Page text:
Dodgers' Dave Roberts says he wouldn't change Game 2 decisions

ByBradford Doolittle via ESPN logo
Friday, October 27, 2017
ESPN

HOUSTON --Los Angeles Dodgers manager Dave Roberts said if he had a chance to redo his decisions regarding his pitching staff during L.A.'s thrilling-but-disappointing Game 2 loss to the Houston Astros, he'd do them all over again.

"That's what I believe in," Roberts said during a news conference at Minute Maid Park on Thursday's World Series travel day. "When you do things, you would do it over again if you had another opportunity."

Roberts drew criticism for his handling of the Dodgers' pitchers as L.A. squandered a two-run lead in the late innings. He pulled starter Rich Hill, who had given up only one run while striking out seven, after just four innings and 60 pitches.

That led to a cascade of moves that, once the game went into extra innings, forced Roberts to use his last available reliever, veteran Brandon McCarthy. McCarthy, pitching for just the fifth time since the All-Star break, gave up a go-ahead, two-run homer to Houston's George Springer that proved to be the decisive blow in the Astros 7-6 see-saw win.

Following a similar plan to what has worked so well for the Dodgers during the postseason, Roberts used relievers Kenta Maeda, Tony Watson, Ross Stripling and Brandon Morrow, according to matchups, to get the ball to usually dominant closer Kenley Jansen. Watson and Stripling combined to face only two batters and throw five pitches, and Jansen was tasked with getting the six outs he'd need for a save.

Roberts drew particular heat for bringing Jansen into the game one batter into the eighth, after Morrow gave up a double to Houston's Alex Bregman. The social-media critics suggested that Jansen would have had a better chance at the save if he had started with a clean inning.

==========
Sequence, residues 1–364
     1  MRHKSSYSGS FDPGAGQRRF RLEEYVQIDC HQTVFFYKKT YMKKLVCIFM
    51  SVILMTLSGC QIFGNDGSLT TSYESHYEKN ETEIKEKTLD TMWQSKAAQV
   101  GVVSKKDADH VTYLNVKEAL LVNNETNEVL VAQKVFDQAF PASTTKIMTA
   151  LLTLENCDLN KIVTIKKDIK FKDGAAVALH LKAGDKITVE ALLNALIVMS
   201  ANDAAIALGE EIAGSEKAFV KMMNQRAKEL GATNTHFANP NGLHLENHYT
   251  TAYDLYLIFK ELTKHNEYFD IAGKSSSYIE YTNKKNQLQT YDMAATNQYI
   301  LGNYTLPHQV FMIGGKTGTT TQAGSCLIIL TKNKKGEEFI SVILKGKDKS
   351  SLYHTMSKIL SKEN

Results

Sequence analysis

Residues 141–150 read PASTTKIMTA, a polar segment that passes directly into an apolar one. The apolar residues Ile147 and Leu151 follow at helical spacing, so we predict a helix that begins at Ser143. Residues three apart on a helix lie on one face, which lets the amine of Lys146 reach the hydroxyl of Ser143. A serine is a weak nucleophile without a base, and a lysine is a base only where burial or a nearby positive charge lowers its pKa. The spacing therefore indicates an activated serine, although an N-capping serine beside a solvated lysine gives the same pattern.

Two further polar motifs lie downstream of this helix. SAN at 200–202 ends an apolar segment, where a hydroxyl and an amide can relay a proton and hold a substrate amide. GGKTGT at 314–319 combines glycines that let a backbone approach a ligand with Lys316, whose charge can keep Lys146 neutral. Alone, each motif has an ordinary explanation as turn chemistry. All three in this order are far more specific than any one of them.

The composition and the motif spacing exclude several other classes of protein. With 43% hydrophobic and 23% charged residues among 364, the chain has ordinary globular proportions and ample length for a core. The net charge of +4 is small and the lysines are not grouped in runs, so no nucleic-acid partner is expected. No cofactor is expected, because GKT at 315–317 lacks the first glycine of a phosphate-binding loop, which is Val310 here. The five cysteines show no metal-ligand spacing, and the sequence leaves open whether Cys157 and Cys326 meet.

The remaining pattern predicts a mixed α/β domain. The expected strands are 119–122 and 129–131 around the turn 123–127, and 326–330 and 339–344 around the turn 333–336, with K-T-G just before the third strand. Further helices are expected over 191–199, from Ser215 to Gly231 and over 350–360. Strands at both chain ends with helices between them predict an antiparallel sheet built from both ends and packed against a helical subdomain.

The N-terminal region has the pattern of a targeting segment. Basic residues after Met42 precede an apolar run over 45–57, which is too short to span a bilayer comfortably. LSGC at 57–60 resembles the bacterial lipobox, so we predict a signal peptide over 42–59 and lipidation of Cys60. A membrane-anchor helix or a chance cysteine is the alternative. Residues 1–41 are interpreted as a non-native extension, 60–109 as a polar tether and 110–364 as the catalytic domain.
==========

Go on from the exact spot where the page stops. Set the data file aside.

"As I went through every single pitch and situation last night and situation, could I have brought Kenley in for a clean inning in the eighth?" Roberts said. "Possibly. But I think that in that situation, trying to overextend Brandon [after] he already pitched an inning, six outs wasn't ideal for Kenley, but in that situation once [Morrow] gave up that lead-off double, I just felt it was time to go to [Jansen]. But outside of that it's baseball."

Jansen blew a save opportunity for the first time in 13 career postseason chances. He gave up an RBI single to Carlos Correa in the eighth, and a tying homer toMarwin Gonzalezin the ninth. That left Roberts scrambling in trying to piece together outs.

"For me, it's not having confidence or lack of confidence in a guy that I take out," Roberts said. "But it's also the other side of having confidence on the guy I bring in. So there's both ways to look at things. And the way we've done things all year long, I know our players understand it, believe in it."

Before Jansen gave up the run in the eighth inning, the Dodgers' bullpen had not given up a run in a postseason record 28 straight innings. The L.A. relievers gave up six runs during the Game 2 loss.

"You just can't really get caught up in just chasing results," Roberts said. "You have to kind of really believe in the process, and I know I do."